This experiment, also carried out at the top of the Eiffel Tower, consisted of reading the series of dark lines observable by the spectrum of the electric beams emitted from the top of the tower. Here is in the link below the result of Mr Cornu, who made this analysis in 1889.
Detail of the atmospheric absorption of radiation.
The first tests of military broadcasting were made as soon as the tower was completed on November 5, 1898. The system worked because a spoken message circulated between Ernest Roger and Eugene Ducretet, who were one at the Eiffel Tower and the other at the Pantheon, 4Kms away. These tests were completed and Gustave Eiffel, seeing this as a good opportunity to make his tower indispensable, offered the possibility to the armies to use it to position military antennas there. You will find in the link below the details of the first experiments made on this subject.
Learn more about the Military broadcast from the Eiffel tower.
It only began in the 1920s, when the war had passed, that the military use of broadcasting was no longer exclusive. The first tests were made in 1921 with Lucien and Sacha Guitry. The following year a studio was built in the North Pillar and in 1925 was the first radio journal in history in France, a newspaper of Maurice Privat.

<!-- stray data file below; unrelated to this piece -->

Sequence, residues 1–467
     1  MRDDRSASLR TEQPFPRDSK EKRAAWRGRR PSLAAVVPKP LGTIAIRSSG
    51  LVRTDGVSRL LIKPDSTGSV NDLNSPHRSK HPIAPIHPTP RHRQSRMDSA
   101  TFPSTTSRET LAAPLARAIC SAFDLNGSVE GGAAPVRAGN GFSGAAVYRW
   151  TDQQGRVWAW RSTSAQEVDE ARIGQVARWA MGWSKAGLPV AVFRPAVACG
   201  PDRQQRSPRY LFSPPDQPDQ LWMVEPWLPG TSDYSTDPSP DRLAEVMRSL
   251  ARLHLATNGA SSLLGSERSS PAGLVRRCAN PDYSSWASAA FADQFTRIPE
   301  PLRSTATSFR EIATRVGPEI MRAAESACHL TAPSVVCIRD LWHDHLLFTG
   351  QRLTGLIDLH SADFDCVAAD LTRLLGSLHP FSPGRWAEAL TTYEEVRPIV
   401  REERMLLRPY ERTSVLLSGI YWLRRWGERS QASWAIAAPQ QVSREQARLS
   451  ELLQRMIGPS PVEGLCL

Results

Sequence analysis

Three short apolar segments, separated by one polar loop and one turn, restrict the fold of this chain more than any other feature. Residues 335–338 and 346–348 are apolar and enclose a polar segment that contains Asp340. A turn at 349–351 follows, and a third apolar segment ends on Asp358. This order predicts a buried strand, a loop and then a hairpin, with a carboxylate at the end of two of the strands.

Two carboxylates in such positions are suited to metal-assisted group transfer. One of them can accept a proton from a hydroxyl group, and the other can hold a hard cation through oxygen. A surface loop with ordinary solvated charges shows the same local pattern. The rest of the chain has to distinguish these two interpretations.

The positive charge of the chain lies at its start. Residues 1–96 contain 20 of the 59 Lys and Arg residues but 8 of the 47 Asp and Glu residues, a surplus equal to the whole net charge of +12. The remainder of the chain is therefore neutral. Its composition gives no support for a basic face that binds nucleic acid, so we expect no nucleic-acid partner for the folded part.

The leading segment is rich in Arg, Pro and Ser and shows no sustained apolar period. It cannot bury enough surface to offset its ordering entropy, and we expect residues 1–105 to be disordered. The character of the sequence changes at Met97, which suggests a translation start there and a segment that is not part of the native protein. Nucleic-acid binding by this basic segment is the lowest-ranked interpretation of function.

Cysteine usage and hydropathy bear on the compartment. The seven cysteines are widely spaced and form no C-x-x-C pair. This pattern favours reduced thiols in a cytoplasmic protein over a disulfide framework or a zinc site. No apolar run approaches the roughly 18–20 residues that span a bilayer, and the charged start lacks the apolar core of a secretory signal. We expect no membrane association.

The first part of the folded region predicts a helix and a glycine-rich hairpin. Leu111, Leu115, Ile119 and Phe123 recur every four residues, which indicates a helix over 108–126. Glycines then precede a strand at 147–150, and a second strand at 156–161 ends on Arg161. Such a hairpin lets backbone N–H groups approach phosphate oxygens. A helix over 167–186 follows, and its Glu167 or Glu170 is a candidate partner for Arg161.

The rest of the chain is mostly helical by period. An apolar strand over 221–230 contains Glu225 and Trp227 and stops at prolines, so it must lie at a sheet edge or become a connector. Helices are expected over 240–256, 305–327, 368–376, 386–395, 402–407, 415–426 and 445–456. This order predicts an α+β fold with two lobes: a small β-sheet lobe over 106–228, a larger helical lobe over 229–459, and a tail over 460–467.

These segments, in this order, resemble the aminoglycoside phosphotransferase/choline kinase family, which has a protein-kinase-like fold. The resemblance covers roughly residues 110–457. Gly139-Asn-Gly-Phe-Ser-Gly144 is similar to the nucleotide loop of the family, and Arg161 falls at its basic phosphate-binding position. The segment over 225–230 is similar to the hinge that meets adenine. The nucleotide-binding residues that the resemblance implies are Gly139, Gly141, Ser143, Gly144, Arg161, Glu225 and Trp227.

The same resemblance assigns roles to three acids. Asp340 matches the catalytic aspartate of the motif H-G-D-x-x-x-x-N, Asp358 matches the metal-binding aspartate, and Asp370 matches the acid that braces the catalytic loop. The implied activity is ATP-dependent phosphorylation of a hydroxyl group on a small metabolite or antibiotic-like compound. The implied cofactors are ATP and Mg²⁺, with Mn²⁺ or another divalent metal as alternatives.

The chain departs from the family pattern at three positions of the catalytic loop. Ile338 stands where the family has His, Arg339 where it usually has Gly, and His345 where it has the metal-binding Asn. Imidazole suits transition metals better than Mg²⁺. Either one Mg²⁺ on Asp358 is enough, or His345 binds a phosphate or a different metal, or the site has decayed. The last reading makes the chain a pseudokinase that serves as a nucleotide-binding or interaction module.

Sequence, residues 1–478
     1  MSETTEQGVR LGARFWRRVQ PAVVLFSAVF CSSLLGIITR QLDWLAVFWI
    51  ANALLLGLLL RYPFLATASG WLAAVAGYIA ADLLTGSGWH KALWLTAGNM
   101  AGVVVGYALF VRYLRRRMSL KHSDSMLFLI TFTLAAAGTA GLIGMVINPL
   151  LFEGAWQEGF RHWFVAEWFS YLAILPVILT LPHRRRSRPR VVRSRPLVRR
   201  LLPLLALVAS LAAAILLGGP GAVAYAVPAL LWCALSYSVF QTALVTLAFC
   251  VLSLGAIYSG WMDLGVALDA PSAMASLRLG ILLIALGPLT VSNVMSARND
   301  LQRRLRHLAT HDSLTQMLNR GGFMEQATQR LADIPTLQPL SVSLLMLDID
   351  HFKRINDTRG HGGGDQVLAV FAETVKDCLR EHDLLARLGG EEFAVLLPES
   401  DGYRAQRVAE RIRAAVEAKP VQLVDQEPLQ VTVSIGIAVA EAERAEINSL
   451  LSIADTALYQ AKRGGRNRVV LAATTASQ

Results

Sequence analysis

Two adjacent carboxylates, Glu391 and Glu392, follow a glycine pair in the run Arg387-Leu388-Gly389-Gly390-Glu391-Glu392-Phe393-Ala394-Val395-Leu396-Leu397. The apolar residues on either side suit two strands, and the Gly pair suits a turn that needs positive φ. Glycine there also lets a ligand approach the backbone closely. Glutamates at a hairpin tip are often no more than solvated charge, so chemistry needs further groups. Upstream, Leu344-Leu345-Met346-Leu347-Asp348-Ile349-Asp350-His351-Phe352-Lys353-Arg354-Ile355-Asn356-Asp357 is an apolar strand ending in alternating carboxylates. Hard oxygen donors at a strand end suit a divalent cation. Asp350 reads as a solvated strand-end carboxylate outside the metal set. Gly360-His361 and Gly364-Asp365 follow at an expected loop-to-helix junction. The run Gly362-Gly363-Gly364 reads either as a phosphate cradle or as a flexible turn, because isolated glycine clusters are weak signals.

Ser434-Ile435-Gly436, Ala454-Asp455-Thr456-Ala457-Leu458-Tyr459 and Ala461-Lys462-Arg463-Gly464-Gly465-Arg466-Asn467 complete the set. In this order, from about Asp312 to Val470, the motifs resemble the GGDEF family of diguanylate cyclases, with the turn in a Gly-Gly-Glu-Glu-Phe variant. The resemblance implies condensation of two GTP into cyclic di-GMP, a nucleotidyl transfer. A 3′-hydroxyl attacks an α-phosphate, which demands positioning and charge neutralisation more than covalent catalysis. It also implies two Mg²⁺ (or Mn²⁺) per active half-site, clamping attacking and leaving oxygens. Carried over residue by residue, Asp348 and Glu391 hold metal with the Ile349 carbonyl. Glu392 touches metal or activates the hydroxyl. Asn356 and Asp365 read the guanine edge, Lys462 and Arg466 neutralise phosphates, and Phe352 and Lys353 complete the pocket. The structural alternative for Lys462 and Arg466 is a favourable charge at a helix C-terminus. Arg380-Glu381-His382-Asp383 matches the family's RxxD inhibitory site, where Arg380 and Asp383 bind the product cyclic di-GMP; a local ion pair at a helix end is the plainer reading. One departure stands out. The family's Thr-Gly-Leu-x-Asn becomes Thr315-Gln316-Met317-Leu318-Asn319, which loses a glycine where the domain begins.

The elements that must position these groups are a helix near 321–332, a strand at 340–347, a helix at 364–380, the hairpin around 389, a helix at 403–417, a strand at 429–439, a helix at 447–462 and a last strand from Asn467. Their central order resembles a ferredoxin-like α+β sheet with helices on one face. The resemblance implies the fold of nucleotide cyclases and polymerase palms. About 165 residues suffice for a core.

The applications were simple, but from 1929 practical messages were broadcast, for example the weather recorded on the 350 meteorological stations of Europe, North Africa and Europe.
How did men make the time zones? While the first attempts at cutting the planet into 24 slices remained blurred, accuracy could only be achieved by means of reliable and constant means of communication. The Eiffel Tower was one of the elements of the global network allowing the establishment of the time zones, and thanks to a communication to more than 5000 Kms! So it was partly thanks to the Eiffel Tower that the world time system could be built.
Logical continuity of the broadcasting, the television broadcast allowed the reception of the image remotely. The first attempts were made in 1925, Louis belin realized them. It was not until 1935 (26 April) that the first television program itself was broadcast. From then on everything accelerated. In 1953, a Eurovision program, the coronation of Queen Elizabeth II, was broadcast. An antenna dedicated to television was installed in 1957, which enlarges the tower which went from 300 to 318,70m. It will be replaced in the year 2000 by another more efficient, and higher also, the tower passing at 324m high.